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Catholic Women Writers: A Bio-Bibliographical Sourcebook

By Mary R. Reichardt | Go to book overview

ALICE MEYNELL (1847–1922)

BIOGRAPHY

Alice Meynell was born in Surrey, the second of two daughters of Thomas Thompson and his wife, Christiana. The family moved frequently, living a rather bohemian existence in various places in England, France, and Italy. Thomas undertook his daughters’ education, and he was rigorous about it; the outcome can be seen in Alice’s mature writings, with their rich habit of allusion and intimate knowledge of English and European literatures, art, and music.

Alice grew into an introspective teenager, reading widely and keeping a diary that shows her awareness that her sex would count against her in her desire to succeed as a writer and thinker. Her mother quietly converted to Catholicism in the 1860s, and Alice followed her in 1867. Catholicism in the 1860s presented a heady prospect for the young English intellectual; Newman’s Apologia was published in 1864, and a wave of conversions spread out from Oxford to all parts of England. Alice’s conversion was in part intellectual and in part emotional: tellingly, she fell in love with the priest who instructed her, Father Augustus Dignam, who had to be re-posted to avoid further trouble. The experience led to one of her very finest poems, the sonnet “Renouncement,” which remains her best known work; written in 1870, it was not published until 1882. Another factor in her conversion was her own sense of moral insecurity and her felt need for discipline, for she viewed the Church as providing a haven of stability.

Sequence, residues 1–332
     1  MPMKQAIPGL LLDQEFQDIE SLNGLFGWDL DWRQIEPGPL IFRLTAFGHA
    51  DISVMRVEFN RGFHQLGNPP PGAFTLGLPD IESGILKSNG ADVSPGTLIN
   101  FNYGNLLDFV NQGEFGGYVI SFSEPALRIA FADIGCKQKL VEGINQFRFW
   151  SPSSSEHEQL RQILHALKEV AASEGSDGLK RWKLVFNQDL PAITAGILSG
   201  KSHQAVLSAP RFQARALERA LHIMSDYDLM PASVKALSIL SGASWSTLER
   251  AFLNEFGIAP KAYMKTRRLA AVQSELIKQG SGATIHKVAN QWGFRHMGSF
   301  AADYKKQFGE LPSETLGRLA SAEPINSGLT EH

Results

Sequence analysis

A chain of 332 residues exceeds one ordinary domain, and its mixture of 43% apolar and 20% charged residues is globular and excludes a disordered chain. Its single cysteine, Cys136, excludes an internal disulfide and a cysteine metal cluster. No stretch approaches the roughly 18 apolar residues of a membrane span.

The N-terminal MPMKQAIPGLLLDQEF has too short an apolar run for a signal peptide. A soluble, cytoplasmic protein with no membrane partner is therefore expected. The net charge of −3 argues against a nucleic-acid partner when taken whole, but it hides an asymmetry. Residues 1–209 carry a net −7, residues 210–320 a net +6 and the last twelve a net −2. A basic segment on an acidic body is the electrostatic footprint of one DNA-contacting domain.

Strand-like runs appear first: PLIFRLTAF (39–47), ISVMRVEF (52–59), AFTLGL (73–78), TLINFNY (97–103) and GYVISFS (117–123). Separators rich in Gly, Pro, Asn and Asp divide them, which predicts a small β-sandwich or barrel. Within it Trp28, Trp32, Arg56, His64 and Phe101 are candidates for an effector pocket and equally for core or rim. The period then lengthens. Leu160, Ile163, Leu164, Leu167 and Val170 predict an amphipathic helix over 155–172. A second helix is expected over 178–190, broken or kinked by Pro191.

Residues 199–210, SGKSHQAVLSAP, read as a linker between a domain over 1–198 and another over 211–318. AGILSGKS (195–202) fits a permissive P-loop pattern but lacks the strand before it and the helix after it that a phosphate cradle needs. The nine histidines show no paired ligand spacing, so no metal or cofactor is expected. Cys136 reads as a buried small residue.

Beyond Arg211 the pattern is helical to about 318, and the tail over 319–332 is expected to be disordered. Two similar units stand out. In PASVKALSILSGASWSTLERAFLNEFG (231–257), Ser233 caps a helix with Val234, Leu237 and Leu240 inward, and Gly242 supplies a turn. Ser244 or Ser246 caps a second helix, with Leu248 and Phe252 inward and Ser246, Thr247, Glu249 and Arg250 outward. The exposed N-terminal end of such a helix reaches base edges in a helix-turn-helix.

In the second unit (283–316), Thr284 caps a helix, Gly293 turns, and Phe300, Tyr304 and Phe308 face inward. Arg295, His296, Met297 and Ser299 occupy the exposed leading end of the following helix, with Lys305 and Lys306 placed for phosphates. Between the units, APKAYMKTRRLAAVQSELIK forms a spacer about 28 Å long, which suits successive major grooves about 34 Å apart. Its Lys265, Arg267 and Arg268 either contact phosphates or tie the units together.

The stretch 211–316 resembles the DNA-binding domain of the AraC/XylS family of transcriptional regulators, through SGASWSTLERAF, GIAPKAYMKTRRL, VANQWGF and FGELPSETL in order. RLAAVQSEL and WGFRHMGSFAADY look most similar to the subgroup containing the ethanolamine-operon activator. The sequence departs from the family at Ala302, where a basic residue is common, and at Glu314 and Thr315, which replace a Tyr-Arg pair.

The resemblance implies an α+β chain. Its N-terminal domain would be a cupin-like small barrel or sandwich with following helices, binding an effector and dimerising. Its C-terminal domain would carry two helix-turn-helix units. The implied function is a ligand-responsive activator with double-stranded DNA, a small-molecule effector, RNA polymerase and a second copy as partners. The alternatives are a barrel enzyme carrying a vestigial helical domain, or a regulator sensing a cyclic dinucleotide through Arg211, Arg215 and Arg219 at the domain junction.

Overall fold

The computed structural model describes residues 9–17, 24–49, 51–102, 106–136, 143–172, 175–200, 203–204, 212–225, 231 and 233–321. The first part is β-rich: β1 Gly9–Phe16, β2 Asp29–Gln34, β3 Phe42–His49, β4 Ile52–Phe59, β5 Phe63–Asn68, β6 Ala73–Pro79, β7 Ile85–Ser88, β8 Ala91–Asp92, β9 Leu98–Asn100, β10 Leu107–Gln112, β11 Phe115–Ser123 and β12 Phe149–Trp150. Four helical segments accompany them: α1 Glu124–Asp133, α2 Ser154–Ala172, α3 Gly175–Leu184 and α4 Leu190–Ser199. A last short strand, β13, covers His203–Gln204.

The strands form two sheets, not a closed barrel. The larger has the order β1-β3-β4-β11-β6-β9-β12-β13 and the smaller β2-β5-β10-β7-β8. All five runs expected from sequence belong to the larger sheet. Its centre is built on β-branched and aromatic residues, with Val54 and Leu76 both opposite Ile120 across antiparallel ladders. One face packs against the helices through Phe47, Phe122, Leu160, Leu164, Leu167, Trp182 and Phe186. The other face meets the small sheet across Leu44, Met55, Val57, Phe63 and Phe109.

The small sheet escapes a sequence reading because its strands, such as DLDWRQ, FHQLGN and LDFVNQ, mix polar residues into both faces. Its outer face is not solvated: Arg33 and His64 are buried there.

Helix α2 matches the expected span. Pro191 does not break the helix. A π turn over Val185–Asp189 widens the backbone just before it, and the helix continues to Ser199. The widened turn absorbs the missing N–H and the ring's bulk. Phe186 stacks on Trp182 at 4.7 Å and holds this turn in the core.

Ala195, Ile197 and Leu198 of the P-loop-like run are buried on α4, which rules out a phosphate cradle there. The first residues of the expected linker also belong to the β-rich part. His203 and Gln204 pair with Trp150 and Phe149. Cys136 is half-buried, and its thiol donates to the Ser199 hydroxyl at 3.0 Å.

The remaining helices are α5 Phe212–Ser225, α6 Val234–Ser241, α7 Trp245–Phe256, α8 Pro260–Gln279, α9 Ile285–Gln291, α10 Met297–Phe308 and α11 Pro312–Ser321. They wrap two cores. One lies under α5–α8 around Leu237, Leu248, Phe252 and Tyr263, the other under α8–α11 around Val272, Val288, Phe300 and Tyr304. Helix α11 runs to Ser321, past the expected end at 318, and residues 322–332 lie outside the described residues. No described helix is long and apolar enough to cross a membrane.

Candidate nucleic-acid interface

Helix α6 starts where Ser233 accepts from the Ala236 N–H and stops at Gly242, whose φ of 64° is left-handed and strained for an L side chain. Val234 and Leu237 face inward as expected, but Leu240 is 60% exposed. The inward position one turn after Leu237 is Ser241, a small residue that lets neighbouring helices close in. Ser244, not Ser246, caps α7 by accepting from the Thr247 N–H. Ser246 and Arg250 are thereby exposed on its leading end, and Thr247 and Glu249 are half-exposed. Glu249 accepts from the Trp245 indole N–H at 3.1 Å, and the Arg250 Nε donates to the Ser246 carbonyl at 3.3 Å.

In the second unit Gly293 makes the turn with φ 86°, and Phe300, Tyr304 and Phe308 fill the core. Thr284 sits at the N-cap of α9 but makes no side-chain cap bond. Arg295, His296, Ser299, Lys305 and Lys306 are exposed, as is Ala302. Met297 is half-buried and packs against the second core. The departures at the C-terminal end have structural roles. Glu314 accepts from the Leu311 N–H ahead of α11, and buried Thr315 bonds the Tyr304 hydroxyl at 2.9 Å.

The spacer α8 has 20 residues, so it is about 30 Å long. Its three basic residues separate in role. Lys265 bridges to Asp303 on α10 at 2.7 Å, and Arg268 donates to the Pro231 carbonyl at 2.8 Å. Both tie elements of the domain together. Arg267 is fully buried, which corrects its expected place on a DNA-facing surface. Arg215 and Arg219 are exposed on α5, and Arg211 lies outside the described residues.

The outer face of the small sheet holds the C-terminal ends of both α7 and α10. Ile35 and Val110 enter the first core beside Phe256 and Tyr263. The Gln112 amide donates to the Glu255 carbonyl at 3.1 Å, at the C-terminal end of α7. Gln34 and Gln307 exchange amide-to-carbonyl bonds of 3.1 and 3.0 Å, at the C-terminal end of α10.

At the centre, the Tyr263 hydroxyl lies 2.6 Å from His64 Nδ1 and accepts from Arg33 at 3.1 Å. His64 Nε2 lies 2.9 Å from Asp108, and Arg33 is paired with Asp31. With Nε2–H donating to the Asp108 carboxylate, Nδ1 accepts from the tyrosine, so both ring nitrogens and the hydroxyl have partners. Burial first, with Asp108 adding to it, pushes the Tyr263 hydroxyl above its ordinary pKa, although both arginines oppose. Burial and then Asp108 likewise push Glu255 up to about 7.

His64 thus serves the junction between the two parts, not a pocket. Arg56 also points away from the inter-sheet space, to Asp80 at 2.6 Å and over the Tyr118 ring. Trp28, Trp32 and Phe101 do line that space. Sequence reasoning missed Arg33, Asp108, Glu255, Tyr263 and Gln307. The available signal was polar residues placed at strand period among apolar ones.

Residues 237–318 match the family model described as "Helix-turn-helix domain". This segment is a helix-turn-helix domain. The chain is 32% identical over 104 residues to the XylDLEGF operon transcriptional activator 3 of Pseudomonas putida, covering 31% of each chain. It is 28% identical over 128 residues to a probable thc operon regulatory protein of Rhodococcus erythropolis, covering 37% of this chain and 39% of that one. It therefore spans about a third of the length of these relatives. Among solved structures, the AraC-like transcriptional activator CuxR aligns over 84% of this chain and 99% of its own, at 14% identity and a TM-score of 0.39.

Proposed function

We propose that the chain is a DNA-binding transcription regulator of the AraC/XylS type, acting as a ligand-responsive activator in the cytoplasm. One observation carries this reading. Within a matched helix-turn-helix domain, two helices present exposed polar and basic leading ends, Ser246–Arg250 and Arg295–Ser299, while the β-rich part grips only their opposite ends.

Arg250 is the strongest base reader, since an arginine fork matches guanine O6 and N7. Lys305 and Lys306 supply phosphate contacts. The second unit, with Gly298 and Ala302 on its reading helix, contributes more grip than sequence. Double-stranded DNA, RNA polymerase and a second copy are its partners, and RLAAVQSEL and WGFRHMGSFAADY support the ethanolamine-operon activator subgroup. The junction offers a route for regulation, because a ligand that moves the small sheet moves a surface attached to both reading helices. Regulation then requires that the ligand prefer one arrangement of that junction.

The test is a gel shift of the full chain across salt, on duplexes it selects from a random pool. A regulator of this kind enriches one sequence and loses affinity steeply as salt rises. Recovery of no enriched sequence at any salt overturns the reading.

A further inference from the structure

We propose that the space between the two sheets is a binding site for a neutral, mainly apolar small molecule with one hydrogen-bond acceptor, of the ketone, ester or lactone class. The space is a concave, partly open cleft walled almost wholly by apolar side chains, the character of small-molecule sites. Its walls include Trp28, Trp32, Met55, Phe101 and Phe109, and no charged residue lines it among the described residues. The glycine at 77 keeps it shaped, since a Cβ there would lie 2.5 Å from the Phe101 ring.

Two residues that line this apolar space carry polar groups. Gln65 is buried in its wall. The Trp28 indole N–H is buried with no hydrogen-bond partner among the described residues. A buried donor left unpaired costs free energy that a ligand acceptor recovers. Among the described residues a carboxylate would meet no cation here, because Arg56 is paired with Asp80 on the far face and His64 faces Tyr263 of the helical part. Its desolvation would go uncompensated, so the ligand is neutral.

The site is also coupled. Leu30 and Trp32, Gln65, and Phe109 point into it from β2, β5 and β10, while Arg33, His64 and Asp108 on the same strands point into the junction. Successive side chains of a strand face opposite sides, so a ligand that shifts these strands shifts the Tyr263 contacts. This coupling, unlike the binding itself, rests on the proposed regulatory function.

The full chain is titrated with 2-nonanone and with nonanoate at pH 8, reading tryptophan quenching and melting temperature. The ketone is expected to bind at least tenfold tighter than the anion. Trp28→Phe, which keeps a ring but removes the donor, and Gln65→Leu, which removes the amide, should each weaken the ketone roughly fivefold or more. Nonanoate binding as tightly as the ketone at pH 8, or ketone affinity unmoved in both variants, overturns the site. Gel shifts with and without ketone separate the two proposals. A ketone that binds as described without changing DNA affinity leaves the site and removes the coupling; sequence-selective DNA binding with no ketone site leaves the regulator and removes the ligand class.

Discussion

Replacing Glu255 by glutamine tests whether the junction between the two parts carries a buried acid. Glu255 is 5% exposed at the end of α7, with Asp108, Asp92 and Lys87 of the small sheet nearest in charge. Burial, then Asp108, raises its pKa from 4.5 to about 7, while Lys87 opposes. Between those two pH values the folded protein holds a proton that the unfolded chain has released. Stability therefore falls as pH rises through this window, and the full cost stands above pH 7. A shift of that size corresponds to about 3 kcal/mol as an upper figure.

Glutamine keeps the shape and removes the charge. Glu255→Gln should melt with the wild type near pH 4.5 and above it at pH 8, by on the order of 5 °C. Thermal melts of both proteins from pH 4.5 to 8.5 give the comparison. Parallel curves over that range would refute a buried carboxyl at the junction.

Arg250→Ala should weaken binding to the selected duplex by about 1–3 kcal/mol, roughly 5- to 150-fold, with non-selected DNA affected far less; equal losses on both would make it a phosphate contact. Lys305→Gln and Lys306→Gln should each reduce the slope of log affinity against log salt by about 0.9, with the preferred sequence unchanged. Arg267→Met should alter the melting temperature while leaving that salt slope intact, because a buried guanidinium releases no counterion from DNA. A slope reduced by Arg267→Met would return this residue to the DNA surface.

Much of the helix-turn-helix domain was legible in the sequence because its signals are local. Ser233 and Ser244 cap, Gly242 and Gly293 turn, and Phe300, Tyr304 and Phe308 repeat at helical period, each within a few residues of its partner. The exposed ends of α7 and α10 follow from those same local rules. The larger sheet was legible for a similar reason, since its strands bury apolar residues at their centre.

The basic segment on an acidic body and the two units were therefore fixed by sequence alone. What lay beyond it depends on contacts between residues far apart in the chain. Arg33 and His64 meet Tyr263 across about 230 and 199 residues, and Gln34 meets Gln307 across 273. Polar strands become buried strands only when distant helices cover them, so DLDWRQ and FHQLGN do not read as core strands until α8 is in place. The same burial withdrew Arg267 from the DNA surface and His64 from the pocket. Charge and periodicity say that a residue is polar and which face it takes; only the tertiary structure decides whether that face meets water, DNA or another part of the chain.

In 1875, Alice published her first volume of poems, Preludes (with illustrations by her sister); it drew praise from Christina Rossetti, Tennyson, Ruskin, George Eliot, and many others. One reader who was particularly struck by it was the young Wilfrid Meynell, who became determined to meet her. Meynell, also a Catholic convert, was working as a journalist in London for various Catholic periodicals. He was by no means among the first rank of intellectuals, nor was he financially comfortable, but he was an indefatigable worker, and it is natural to assume that Alice saw in his loyalty and stability—perhaps one

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